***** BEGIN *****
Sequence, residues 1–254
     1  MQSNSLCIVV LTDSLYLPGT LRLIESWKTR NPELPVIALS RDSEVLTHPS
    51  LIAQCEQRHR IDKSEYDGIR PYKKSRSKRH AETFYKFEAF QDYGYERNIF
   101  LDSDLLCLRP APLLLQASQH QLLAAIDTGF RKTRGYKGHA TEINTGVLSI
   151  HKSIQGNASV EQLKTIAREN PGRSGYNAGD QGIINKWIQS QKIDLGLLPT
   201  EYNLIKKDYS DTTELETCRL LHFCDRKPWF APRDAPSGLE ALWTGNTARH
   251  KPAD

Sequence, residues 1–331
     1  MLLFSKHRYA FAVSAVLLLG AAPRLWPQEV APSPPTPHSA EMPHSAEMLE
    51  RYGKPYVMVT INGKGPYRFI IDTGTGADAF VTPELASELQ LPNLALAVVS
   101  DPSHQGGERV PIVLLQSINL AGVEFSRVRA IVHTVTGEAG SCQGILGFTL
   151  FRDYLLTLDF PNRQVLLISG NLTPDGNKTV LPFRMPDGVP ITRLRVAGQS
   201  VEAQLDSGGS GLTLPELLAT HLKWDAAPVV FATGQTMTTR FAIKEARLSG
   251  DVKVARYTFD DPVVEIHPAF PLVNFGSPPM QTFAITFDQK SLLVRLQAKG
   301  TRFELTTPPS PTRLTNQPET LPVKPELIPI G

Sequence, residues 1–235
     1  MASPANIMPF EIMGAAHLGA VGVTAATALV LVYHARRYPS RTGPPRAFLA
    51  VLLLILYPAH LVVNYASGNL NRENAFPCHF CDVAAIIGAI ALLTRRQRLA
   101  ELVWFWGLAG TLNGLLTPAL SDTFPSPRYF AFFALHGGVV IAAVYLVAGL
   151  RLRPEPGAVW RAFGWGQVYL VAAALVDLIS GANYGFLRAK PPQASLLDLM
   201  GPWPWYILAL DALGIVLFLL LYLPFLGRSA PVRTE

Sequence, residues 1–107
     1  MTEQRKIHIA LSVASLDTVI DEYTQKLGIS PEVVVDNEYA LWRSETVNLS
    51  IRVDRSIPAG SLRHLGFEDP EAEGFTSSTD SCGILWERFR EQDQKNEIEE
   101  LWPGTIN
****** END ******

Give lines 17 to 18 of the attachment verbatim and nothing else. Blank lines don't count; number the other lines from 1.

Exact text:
     1  MASPANIMPF EIMGAAHLGA VGVTAATALV LVYHARRYPS RTGPPRAFLA
    51  VLLLILYPAH LVVNYASGNL NRENAFPCHF CDVAAIIGAI ALLTRRQRLA